Danville mayor charged, will pay fines thanks to escape-prone pup
Even Danville’s mayor is not immune to fines when it comes to securing his pets, including a husky with a preference to roam.
Mayor Mike Perros will have to make an appearance in the Boyle County District Court today to answer for the husky, his most recent family addition. Perros faces charges of having his dog not vaccinated, not licensed, and not confined or controlled at night.
Perros said his dogs are all up on their shots and licenses, but his husky wasn’t wearing those tags when he decided to roam outside the property. The dogs typically stay outdoors unless the temperatures drop into the 30s or below.
But he doesn’t mind going to court, or paying the fines that come with that, citing the dog as his responsibility.
“I’m glad to pay the fine. The humane society has done an excellent job of getting him and putting him up until I get there,” Perros said on Monday. “That’s a cost to the taxpayer; the dog is my responsibility. I need to pay it back, so it’s not an expense borne by the taxpayers … Fair is fair.”
Perros explained his dogs are rescues, including the roaming husky. Despite having five acres on his Perryville Road property on which to do so, Perros said the husky has gotten off his property at least three times since coming to live there.
“The first time he was new. He busted through. The second time, I had a worker out there who severed the (electric fence) line and I didn’t know it. The third time, I was going out of town and changed the batteries. What I didn’t know was that they were defective,” he said.
The citation, obtained from the Boyle County Attorney’s Office, was issued by Boyle County Animal Control after the dog was picked up about 6:30 a.m. Jan. 4. It says the dog had been reported five times, and that it entered into a business. The citation lists it being spotted at Comfort Inn, Big Lots and Farmer’s National Bank — all locations close to Perros’ property.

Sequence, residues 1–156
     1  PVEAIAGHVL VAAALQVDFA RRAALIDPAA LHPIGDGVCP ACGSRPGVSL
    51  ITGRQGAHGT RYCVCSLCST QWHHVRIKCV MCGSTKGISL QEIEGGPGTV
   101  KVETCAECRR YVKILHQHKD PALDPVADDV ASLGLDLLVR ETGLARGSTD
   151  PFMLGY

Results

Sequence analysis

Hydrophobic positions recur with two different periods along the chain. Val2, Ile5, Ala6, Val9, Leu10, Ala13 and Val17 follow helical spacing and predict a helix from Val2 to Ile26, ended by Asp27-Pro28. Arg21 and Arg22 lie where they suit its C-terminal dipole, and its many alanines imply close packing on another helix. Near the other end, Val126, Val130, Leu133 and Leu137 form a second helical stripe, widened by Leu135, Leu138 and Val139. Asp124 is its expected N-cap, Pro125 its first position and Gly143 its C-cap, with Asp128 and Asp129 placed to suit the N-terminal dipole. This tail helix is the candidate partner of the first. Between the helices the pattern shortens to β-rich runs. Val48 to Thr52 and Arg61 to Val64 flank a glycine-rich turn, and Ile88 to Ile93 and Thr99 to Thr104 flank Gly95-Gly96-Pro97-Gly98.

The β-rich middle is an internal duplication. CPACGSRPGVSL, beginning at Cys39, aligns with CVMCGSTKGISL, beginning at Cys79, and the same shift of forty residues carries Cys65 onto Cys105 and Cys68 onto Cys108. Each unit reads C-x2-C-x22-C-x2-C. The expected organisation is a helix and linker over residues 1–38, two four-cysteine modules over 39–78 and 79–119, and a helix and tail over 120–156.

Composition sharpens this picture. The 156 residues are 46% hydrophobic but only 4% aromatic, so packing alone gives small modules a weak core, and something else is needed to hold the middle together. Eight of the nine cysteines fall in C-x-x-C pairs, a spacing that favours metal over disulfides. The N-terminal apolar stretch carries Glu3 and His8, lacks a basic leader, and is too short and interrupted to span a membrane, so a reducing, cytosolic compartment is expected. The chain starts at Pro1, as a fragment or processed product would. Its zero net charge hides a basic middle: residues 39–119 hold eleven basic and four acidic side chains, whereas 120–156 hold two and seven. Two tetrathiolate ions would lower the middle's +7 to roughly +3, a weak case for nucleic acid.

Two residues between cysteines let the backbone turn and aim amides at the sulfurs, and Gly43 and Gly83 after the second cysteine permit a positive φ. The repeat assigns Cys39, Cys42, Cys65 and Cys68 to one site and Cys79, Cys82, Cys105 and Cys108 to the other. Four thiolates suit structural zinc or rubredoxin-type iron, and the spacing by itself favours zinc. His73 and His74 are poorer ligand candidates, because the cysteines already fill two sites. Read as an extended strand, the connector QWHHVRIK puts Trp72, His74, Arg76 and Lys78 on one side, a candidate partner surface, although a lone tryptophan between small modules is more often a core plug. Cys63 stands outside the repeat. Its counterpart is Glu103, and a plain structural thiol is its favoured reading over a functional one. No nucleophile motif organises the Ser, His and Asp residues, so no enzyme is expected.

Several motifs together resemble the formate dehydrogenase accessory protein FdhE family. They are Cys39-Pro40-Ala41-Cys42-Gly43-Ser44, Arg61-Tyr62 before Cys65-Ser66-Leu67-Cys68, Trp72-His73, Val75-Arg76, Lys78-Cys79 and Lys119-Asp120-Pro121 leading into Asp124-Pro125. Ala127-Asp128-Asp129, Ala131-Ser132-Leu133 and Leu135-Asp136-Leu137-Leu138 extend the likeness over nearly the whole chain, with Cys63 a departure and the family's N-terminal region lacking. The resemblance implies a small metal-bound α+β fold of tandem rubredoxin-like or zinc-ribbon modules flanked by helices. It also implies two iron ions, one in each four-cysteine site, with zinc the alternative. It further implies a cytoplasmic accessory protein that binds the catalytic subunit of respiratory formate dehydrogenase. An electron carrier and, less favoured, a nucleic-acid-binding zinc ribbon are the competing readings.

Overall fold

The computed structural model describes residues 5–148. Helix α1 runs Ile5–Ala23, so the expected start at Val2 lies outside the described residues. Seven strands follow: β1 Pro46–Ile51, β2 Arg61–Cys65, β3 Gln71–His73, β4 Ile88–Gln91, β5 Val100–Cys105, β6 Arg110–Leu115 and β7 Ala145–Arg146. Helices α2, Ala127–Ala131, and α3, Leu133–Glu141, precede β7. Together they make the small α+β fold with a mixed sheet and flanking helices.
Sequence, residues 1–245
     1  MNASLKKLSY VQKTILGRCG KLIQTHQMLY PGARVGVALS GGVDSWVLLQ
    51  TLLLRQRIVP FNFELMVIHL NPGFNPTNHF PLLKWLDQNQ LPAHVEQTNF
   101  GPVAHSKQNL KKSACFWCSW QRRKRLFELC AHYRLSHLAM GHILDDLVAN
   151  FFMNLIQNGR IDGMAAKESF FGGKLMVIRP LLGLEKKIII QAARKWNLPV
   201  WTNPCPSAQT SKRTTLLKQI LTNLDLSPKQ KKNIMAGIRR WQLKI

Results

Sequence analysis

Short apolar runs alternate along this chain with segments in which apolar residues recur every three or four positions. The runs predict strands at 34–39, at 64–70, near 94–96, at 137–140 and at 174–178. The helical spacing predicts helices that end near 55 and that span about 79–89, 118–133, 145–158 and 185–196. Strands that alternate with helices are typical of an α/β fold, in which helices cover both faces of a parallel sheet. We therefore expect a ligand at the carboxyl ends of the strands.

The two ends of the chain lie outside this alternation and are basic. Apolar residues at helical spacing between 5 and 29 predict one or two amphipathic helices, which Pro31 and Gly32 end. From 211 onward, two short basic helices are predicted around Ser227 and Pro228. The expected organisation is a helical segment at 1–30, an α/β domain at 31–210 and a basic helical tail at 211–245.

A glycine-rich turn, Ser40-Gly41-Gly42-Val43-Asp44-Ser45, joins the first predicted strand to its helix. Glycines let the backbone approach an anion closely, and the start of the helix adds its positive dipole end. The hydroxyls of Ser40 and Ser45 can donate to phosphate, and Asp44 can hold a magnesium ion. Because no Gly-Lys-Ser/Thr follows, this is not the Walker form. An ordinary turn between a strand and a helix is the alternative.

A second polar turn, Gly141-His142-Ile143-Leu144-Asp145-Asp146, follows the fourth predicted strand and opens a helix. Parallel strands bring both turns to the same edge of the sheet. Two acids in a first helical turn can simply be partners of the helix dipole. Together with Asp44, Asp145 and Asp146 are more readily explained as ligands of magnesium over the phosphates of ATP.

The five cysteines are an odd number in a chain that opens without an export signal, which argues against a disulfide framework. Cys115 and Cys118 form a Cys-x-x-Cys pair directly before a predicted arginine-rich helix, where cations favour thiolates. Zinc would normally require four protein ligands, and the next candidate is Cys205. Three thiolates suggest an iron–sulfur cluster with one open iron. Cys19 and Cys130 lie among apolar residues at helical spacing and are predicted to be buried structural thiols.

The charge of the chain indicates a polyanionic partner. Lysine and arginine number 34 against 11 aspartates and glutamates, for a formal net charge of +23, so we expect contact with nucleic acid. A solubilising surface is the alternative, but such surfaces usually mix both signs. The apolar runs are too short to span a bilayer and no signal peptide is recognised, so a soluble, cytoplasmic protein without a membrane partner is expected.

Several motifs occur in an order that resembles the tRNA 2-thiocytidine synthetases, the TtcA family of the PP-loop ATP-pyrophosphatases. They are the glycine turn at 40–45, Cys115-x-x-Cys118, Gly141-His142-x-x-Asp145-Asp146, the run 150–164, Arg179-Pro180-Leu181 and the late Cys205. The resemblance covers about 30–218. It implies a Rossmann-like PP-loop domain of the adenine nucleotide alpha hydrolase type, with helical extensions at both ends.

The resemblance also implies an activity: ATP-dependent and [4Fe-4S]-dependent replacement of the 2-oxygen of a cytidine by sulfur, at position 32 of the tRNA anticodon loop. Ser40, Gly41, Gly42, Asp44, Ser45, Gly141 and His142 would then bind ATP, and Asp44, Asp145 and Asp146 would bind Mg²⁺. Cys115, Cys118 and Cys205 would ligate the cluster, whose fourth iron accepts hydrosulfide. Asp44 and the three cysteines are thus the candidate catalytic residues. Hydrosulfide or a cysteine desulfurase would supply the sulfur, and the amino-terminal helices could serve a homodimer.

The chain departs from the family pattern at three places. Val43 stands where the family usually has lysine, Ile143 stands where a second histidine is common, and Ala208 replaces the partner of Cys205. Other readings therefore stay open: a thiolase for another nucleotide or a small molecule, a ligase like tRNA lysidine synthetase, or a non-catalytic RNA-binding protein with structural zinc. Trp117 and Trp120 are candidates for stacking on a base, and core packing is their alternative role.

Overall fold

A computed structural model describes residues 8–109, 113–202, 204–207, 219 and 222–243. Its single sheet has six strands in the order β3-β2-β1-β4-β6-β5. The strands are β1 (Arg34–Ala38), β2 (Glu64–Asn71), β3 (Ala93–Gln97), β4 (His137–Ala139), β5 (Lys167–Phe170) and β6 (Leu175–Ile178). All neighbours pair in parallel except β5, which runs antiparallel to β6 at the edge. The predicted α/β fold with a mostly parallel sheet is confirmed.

Each time the dog made his escape, Perros contacted the company that installed the line. The most recent time, they turned the power up on the collar, hoping that would help. Perros said they’ve also had to resort to having the vet shave down the dog’s neck, because of the thick fur.
“Ever since we’ve done that, I’ve not had any problems,” he said.
Boyle County Fiscal Court and the Danville City Commission each established similar ordinances last year, following a 2015 court case in which several pressa canario dogs were seized during a raid.
Boyle County Ordinance 842, which covers all animals from livestock to pets, states that the owner of any dog found running at large can be fined between $50 and $100 for the first and second offenses, between $100 and $250 for the third offense, and could potentially face jail time.
Beginning July 1, 2016, all dogs were to be licensed, with a fee of $10 per dog, or $5 for dogs that have been spayed or neutered. Houses with three or more dogs have to have a special kennel license.
Perros said he “appreciates” the Danville-Boyle County Humane Society, where the dog was taken after each escape, and Boyle County Animal Control.
“They’ve done a great job of making sure they picked him up and getting him out of harm’s way, and I’m grateful for that.”
Follow Kendra Peek on Twitter, @knpeek.
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